(article originally appeared on Mark Deniz’s
“Vampire Appreciation Month” site
as “George Romero’s Martin: Portrait Of An Honest Vampire”)
My first exposure to George A. Romero’s Martin (1977) came via an event at the Academy Of Motion Pictures Arts & Sciences. George had been selected to give a George Pal Lecture, the Academy’s special night in which a cinematic luminary is invited to give an address on the state of fantasy/sci-fi/horror. I don’t remember a lot about that evening. I do remember being introduced to George Romero – and Adrienne Barbeau – by Bill Moseley (Bill’s intro to George was when he played brother Johnnie in Tom Savini’s 1990 Night Of The Living Dead remake). I also remember George Romero saying, in his address, how much he was influenced by Powell & Pressburger’s The Tales Of Hoffmann (1951) and repeatedly rented out a 16mm print of the film when he was a kid in NYC – except sometimes the print wasn’t available because it was being rented by another local kid named Martin Scorsese.
The one thing I most vividly recall from the evening was the clip George showed from a movie of his called Martin, a movie completely unknown to me at the time. It was the scene in which the title character – the vampire Martin – stalks a married female victim in her home and must deal with her and the unexpected arrival of her lover.
My mind was blown.
We see the traditional vampiric poses so often, they barely have any symbolic impact anymore, much less emotional or visceral impact. Onscreen, feeding on human blood has the same impact as a death by gunshot – a storytelling trope which ticks an intellectual “shocking” box in our minds without communicating any real impact or real human experience.
Martin feeds by first injecting his victims with a hypodermic, then once the victim is unconscious, opens them up with a razor blade to feed on the blood. The procedure is performed with the skill and adrenaline agitation of a hunting forest predator – with nothing romantic or sublime about it. It is at once both mechanical and savage, idiotic and fiendish.
The chaos, the madness, of the clip Romero showed us was breathtaking. The maniac bloodsucker darting around the house, wielding a hypo, alternately evading and wrestling the woman’s half-naked lover in a farce from Hell – it was absurd, and very, very real – and very frightening.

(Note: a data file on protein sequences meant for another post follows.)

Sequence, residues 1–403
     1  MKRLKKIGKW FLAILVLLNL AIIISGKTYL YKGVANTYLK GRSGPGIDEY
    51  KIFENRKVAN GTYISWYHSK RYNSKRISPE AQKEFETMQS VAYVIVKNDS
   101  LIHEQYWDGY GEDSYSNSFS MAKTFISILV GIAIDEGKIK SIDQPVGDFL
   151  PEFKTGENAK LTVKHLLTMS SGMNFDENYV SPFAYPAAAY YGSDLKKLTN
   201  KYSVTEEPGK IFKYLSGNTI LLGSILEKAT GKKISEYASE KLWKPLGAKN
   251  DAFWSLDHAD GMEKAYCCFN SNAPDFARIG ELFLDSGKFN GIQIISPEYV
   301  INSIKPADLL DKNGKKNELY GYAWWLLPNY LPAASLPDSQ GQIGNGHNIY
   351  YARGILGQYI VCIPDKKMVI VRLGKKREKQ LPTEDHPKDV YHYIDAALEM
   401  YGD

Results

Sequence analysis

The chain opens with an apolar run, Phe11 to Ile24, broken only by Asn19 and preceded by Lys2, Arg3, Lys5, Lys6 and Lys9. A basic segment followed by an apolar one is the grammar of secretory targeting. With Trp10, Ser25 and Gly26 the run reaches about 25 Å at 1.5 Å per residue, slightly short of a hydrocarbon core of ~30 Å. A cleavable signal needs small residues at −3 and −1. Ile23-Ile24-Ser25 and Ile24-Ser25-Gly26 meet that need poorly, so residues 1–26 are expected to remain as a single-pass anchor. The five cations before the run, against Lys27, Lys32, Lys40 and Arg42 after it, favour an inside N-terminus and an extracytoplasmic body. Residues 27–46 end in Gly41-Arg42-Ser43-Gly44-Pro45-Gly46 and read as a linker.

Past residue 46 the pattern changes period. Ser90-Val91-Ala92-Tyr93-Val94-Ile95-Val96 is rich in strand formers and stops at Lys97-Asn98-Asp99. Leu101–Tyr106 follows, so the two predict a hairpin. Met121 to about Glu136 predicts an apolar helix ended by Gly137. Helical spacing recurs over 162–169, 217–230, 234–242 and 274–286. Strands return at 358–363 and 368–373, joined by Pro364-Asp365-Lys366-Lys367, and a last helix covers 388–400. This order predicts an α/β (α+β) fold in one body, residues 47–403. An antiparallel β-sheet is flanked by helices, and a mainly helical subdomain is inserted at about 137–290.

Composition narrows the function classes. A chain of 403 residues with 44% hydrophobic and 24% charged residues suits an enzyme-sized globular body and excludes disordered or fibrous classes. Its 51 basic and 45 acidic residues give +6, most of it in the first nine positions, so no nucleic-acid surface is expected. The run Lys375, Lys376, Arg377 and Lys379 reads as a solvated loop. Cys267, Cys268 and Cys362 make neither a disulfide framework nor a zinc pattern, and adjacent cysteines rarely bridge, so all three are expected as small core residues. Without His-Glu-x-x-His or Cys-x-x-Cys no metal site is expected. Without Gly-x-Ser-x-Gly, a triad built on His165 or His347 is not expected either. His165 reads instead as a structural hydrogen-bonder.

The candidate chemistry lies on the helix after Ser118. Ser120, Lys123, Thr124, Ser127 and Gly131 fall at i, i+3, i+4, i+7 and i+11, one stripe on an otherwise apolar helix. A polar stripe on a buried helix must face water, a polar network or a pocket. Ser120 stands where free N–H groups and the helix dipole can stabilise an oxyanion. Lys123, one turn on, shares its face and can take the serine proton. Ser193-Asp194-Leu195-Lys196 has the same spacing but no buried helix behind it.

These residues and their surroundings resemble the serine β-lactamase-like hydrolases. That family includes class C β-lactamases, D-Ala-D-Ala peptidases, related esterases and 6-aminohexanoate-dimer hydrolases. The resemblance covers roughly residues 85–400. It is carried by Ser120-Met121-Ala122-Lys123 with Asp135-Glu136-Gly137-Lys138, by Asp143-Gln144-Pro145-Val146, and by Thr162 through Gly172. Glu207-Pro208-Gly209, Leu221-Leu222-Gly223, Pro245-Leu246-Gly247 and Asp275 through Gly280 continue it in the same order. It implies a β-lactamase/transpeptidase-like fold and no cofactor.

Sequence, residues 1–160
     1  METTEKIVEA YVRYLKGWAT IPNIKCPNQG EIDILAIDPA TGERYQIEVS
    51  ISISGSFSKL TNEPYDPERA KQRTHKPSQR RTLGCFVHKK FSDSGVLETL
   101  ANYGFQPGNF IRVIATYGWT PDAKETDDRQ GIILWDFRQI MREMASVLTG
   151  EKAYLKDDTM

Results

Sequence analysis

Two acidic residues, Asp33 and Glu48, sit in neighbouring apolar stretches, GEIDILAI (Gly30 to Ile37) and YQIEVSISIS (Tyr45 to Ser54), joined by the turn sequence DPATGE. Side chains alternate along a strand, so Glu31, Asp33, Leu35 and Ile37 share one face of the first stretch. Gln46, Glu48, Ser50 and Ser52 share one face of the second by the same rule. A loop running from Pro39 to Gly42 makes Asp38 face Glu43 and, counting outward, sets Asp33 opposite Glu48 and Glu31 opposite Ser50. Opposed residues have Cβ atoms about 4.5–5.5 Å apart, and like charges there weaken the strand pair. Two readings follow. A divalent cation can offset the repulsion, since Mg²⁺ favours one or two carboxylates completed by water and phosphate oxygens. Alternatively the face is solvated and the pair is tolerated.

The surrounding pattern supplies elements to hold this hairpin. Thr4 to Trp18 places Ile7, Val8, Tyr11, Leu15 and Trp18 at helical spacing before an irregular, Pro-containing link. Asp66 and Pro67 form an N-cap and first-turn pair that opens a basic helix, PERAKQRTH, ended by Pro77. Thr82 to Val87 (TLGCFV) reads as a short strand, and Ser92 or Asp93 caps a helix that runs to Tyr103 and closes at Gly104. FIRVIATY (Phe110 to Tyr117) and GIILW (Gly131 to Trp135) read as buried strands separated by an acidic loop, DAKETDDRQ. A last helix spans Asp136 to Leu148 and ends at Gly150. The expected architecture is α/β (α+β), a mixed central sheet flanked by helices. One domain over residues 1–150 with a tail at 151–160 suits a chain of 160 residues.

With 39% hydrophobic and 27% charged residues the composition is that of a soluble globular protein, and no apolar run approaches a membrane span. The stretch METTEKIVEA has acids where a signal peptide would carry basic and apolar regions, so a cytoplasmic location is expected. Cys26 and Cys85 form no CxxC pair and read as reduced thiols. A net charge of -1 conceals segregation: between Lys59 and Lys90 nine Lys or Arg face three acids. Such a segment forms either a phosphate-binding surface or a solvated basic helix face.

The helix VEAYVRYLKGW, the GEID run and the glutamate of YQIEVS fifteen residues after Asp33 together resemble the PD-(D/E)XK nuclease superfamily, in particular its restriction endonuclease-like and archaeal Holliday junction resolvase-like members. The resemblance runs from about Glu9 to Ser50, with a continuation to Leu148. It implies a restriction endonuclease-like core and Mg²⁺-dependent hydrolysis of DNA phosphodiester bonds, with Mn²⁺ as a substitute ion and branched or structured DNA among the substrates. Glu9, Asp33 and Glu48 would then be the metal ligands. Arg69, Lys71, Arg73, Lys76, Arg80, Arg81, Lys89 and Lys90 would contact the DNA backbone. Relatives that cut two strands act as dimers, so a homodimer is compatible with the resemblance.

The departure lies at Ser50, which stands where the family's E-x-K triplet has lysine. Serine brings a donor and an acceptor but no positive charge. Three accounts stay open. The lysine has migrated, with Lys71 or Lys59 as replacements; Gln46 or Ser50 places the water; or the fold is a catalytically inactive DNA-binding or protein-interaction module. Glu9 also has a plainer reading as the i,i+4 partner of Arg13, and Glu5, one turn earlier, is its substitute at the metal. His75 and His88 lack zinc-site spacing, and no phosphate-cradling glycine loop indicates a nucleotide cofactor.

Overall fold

There are few movies I can think to compare Martin with. It’s as if Harmony Korine had made a vampire movie produced by David Cronenberg. Romero goes to every conceivable length to make his extraordinary vampire creation as banal and mundane as possible. He’s an unromantic 84 years old. He dresses like someone with Asperger’s. He is an unappealing, creepy person, setting aside his vampire characteristics. He lives in a miserably ordinary house with a miserably ordinary family. His vampirism seems quite normal, while the hocus pocus of religion or concepts of Good and Evil seem like the outlandish superstitions.
Martin has that riveting knife-edge freshness and immediacy that has been virtually absent from filmmaking for 20 years. Watching it, you have the unnerving sense that the storyteller is not playing by your rules, that you’ve ventured into an arena entirely unpredictable and your safety may not be the storyteller’s highest priority. The 70’s cinema – hands down the best decade for horror – completely embraced these twists and turns and breathtaking shocks, the things that can burn a film into your mind for a lifetime. Martin, The Texas Chainsaw Massacre (1974), The Exorcist (1973), Halloween (1978) – on and on – aren’t masterpieces because of their “spooky” subject matter. The very way they are told, their rhythms, structures, and turning points are calculated to give the audience a transformative experience. They are not about giving the audience what it wants, but giving it what it needs.
In today’s motion picture vampires we see beautiful merchandise, beautifully packaged and factory sealed for freshness. But there is little that is truly shocking and transcendent. Rather than the bloodsucker being a pernicious monstrosity with a story that, if studied, might make us wise, we prefer evil with a candy face, easily digestible horrors, monsters as harmless as we fantasise we are.
Martin, though a killer and a monster, is the one character who consistently tells the truth in Romero’s film. Give us back our truth-telling vampires.